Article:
A new privately operated computer bulletin board for writers has been started , in part to fill the void left when the governing board of the Writers Guild of America West shut down public forums on its Bulletin Board Service in April.
Called “The Page,” the service is owned by 16 writers, most of whom are WGAW members. After only a month in business, the service already has 190 people signed up.
“The intention in starting this service was to admit writers who are not necessarily members of the Writers Guild,” noted WGA member Roger Simon, one of the owners of the “The Page” and the newly elected president of PEN.
Writer Ian Abrams, who could not be reached for comment, is credited with the plan to start the service.
Those eligible to sign on — for a $ 35-a-month fee — are professional writers, Simon said. They include members of the WGA, PEN West, the Dramatists Guild and even journalists.
“It’s not an official WGAW service, and thus it’s not answerable to the WGAW, and, consequently, the WGAW is not answerable to it,” Simon said.
The union’s board voted to shut down public forums on its BBS, citing the amount of staff time it took to resolve the resulting on-line disputes. The board was also worried about the union’s legal liability for what was said on the bulletin board.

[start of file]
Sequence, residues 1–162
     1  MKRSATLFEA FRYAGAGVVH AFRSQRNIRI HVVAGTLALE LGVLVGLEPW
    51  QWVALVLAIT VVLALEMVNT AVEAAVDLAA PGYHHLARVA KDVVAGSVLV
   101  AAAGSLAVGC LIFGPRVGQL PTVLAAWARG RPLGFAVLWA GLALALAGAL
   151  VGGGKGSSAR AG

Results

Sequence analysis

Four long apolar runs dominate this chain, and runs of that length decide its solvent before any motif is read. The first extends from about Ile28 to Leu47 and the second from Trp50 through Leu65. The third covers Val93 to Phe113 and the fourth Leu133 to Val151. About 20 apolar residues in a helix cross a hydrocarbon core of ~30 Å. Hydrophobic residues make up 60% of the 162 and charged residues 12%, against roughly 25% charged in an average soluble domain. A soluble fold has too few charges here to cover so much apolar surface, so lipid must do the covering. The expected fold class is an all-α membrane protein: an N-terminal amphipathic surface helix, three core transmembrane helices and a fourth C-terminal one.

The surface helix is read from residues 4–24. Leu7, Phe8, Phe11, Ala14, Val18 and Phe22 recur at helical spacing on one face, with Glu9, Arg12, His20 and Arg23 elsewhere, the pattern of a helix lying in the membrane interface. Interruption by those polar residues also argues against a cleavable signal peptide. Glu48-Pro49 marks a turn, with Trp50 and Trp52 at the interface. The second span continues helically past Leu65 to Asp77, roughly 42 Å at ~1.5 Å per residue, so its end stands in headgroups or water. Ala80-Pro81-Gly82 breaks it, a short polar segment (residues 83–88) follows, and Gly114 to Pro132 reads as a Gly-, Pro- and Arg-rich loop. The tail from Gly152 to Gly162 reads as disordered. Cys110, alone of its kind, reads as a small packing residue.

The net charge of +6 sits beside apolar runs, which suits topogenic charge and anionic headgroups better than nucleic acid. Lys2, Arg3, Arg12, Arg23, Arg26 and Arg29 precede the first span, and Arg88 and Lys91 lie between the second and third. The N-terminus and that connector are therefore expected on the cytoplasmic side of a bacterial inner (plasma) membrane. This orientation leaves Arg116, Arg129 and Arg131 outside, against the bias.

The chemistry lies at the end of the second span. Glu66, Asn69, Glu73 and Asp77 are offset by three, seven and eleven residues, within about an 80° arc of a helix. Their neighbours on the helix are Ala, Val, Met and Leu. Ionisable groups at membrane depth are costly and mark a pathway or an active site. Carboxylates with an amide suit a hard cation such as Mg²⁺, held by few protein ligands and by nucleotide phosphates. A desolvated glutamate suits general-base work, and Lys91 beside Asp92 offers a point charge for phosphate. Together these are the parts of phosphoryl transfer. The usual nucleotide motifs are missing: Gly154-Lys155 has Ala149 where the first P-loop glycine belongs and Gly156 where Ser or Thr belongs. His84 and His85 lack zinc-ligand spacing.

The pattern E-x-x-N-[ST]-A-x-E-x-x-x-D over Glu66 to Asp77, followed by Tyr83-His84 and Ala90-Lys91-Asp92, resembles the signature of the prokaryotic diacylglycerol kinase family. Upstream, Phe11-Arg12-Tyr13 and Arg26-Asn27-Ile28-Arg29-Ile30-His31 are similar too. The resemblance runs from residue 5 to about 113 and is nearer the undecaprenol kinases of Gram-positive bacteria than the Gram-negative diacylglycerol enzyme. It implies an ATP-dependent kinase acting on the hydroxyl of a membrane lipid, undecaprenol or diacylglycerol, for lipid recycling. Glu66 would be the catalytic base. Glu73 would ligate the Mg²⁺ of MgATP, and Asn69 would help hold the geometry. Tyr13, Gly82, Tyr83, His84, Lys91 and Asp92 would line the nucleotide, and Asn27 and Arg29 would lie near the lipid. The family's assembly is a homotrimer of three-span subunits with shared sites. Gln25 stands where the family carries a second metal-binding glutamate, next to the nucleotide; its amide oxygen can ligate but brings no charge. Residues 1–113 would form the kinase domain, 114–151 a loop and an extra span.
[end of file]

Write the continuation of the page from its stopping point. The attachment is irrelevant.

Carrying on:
Since this service is privately operated, Simon said, “if someone starts to flame, we can eject them.”
Currently “The Page” has about 30 forums for discussions, of which only a handful are private. There is a WGA forum, which is open only to WGA members; a PEN forum, open to PEN members, and so forth.
To start the service, each of the owners ponied up $ 500. As an incentive, new subscribers are being offered an initial free month. “No one is interested in making money here,” Simon said. “We’d like to see our investment come back. But beyond that, new money will go into opening new phone lines (there currently are five) and adding a research service for writers.”
Ironically, Simon said that while the WGAW bulletin board saw some derisive messages, writers on this new board are being “a little more polite.”
“Writers are a rowdy lot, and they should be,” he said. “So this could all change in a microsecond.”